The Aire at Mont St Michel
Your 24-hour stay usually starts when you arrive at an aire, such as this one at Mont St Michel

I spent my first night at a ‘proper’ park – as it happened, a perfectly reasonable municipal campsite in a sleepy riverside town in central France, called Romorantin-Lanthenay. But after that, it was all entirely impromptu.

I need not have worried. For almost the whole fortnight, I stayed on a (town or village, rather than motorway) aire almost every night. Only one I found was full, and as a result of that I came across a charming aire in a beautiful Normandy village that I would not otherwise have gone to. 

Sense of freedom  

So now I am a convert. Aires really do give you the sense of freedom that motorcaravanning is supposed to be all about. 

What I particularly like about them is that the 24-hour period starts from whenever you arrive, so if you choose to turn up at 5pm and stay until 5pm the next day, you can. 

The motorhome at a caravan park in Romorantin-Lanthenay
Peter spent one night at a caravan park in the riverside town of Romorantin-Lanthenay

Many aires don’t come with facilities, other than waste disposal, so you could say I only enjoyed them so much because of the relatively luxurious motorhome I was in. There was the large shower I could still use, after all, and the spacious and comfortable front lounge. I doubt I would’ve had the same experience in a campervan (although if you’re thinking of getting one, take a look at our best campervan guide).

The motorhome was very well ventilated, too. Even on a really hot night in Clermont-Ferrand, there was plenty of air flowing via the rooflights. Air conditioning? Who needs it?

There was one aspect of the motorhome I found a little more trying. There was only one of me, but I hardly used the foldaway table at all. Whenever I took it out, its commendably sturdy legs always seemed to be in the way. I think that foldaway tables are best left in rear lounges.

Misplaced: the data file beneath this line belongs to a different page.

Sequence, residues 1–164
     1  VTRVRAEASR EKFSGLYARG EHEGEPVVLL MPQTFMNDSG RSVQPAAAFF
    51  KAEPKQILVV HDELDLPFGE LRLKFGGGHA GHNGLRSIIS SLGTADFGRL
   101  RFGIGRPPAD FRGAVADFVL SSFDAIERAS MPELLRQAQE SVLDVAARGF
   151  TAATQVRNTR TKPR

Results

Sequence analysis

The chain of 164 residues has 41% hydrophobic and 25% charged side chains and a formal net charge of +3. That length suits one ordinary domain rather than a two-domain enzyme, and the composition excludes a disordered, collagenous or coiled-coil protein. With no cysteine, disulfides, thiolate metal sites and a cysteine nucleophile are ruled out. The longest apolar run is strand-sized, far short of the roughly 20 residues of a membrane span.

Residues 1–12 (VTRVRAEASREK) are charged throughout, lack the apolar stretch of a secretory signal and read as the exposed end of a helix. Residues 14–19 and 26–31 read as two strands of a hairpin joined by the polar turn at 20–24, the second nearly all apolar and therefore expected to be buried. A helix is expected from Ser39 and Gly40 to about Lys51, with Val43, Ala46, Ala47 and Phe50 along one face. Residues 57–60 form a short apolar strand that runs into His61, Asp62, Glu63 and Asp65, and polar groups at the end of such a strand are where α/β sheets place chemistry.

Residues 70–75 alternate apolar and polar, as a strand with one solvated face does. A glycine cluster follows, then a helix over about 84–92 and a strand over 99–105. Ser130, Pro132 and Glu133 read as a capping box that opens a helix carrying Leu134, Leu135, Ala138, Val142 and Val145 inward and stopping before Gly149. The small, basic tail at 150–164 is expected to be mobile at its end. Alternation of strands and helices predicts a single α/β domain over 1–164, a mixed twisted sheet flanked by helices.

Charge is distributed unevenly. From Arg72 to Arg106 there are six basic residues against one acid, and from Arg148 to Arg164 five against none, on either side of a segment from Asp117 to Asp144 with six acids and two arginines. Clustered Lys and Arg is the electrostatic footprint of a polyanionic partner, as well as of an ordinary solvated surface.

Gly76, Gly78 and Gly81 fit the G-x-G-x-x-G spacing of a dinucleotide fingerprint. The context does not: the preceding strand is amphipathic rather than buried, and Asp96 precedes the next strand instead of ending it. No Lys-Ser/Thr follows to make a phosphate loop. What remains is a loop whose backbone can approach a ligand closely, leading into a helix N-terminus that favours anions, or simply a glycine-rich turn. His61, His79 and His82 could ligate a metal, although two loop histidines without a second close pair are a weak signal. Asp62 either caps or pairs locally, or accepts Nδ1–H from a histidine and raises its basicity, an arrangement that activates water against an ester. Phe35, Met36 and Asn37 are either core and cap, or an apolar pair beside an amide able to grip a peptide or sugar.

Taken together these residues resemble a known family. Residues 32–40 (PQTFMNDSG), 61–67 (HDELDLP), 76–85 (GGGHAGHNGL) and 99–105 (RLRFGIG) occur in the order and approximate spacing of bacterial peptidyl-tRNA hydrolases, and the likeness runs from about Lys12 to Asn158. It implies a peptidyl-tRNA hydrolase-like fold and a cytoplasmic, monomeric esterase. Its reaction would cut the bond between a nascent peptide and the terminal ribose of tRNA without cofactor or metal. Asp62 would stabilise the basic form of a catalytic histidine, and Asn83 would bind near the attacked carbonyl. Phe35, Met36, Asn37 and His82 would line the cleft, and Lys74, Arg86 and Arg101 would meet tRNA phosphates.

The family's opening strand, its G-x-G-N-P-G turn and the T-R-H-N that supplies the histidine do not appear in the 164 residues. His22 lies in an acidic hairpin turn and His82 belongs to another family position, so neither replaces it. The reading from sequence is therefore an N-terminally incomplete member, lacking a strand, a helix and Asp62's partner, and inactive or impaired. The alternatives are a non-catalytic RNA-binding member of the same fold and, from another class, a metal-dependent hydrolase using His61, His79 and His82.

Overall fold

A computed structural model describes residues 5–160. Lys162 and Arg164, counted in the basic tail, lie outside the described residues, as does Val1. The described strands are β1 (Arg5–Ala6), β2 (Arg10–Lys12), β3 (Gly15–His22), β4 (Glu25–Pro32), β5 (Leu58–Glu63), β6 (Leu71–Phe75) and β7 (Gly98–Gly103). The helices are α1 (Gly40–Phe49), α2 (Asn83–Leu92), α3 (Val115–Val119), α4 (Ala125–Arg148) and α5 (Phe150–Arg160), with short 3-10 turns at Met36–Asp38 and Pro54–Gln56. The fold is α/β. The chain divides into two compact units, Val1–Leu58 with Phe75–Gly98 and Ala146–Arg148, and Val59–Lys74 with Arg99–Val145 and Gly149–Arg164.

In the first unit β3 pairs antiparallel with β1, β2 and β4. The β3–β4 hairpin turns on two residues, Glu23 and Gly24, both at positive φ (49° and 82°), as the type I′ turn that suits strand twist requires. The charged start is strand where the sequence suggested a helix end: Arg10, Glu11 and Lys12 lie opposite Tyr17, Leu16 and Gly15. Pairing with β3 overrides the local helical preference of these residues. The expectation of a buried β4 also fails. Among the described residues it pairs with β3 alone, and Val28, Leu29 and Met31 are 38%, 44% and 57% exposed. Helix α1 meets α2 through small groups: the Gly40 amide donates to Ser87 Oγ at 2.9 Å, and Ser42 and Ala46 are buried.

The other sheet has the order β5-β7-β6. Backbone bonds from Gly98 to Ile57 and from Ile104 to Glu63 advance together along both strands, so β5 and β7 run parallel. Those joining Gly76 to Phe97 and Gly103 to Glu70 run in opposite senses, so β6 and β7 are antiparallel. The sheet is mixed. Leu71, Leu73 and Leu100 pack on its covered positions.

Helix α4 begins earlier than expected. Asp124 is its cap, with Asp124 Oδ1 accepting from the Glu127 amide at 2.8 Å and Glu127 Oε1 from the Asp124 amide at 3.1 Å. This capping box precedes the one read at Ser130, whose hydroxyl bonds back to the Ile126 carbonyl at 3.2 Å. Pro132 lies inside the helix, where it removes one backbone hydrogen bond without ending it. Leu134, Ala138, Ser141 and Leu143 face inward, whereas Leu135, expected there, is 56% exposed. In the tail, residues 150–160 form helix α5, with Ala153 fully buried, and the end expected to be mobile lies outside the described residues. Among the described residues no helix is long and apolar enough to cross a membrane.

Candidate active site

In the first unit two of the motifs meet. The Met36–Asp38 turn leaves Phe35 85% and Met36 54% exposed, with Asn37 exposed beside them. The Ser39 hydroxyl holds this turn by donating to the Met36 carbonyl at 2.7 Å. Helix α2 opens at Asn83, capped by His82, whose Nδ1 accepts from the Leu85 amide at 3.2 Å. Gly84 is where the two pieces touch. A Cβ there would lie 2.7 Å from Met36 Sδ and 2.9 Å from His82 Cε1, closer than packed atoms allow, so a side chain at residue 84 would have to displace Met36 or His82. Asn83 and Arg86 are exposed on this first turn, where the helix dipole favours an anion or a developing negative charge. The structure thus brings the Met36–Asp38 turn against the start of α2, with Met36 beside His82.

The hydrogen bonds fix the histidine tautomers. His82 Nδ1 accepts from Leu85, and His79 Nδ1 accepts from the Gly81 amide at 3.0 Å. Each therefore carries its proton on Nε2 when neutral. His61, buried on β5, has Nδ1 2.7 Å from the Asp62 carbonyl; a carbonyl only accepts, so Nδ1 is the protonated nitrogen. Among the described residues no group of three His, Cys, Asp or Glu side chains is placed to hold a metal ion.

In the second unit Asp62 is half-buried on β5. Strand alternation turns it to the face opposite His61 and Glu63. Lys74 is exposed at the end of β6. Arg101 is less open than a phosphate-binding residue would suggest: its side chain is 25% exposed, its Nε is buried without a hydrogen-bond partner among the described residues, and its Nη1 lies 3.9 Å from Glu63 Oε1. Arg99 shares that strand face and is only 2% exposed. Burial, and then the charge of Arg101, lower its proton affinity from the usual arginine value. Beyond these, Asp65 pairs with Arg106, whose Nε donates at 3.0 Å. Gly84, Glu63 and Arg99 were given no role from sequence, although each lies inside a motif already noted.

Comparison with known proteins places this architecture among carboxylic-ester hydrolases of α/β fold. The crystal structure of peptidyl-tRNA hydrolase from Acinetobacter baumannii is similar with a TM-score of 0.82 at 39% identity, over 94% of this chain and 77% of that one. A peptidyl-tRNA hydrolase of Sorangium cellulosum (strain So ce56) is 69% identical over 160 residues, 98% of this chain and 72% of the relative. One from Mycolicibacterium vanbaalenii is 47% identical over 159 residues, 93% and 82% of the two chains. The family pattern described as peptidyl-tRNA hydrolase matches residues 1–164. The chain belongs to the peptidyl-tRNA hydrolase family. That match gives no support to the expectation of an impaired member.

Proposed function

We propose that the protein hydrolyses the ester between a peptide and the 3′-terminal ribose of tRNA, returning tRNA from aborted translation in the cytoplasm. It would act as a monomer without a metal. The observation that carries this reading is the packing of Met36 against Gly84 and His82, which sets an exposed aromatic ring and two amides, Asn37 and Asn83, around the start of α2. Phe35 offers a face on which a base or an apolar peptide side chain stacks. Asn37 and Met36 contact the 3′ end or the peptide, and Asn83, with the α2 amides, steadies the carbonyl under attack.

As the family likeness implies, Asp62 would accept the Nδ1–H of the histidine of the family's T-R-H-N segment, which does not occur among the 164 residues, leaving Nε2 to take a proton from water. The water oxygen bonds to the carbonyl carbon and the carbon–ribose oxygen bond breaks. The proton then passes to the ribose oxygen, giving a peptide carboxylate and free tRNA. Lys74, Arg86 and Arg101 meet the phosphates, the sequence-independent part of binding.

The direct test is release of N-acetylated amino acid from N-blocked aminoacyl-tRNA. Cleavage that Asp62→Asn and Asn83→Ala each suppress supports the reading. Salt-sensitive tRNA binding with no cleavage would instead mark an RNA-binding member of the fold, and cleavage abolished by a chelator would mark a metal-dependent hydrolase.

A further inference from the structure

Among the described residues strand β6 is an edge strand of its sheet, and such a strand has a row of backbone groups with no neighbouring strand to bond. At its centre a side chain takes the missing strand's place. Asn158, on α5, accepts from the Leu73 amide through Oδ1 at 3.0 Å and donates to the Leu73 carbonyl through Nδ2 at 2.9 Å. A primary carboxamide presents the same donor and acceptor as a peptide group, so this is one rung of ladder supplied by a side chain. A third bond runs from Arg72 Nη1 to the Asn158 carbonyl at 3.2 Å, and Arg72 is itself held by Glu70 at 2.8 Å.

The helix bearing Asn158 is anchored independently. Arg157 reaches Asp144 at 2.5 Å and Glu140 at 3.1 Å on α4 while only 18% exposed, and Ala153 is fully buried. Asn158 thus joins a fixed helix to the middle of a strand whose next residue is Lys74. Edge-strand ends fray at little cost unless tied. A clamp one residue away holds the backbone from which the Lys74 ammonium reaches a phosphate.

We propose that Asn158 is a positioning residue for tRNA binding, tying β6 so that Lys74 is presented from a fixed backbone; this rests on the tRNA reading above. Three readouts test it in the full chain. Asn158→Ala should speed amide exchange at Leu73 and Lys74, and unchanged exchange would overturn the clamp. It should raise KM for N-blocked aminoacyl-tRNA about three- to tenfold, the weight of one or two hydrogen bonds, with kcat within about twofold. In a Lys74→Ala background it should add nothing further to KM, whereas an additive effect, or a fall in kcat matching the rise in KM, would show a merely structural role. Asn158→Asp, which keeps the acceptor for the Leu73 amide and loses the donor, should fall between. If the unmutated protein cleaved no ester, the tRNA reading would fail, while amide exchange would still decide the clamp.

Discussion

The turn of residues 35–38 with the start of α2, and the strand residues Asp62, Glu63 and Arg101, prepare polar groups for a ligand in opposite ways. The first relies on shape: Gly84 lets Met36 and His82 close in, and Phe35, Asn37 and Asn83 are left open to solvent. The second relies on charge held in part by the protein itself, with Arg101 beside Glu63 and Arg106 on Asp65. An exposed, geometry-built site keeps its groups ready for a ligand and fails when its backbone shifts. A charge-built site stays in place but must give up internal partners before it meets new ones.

They are, of course, common in front lounges in caravans, but that’s because nobody has to get right past them in such layouts. In a motorhome, I found all too frequently I was wanting to get past the table to reach the cab. Those bulky legs were in the way – and the L-shaped layout of the dinette seats meant you couldn’t really move the table out of the way, either.

Comfortable camping  

That aside, the Bailey provided a very comfortable home over the 13 days of my trip. So it was even more of a shame that on my last day in France, on the way back to Dieppe, a coach driver clipped the side mirror. I was left with having to drive the final 40 miles with just the other one. 

I was low on fuel, too, and found that in this bit of France, most petrol stations are fermé on Sundays, and those that are open can’t accommodate big motorhomes. I only just made it back to the ferry, and to England’s more liberal opening times. But I’d thoroughly enjoyed my trip, despite this hiccup.

Are you thinking of trying out a similar trip? Then it could be worth taking a look at our winner of the best motorhome accessory, the All the Aires guides, which provides lists of thousands of Aires to stay at across France, as well as plenty of other useful bits of information.

Bailey Autograph 74-4

  • Price: £71,999 OTR
  • Berths: 4
  • Belts: 4
  • Base vehicle: Peugeot Boxer/ Al-Ko AMC
  • Engine: 2.0-litre, 165bhp turbodiesel
  • Length: 7.37m 
  • Width: 2.49m
  • Height: 2.71m
  • MTPLM: 3500kg
  • Payload: 445kg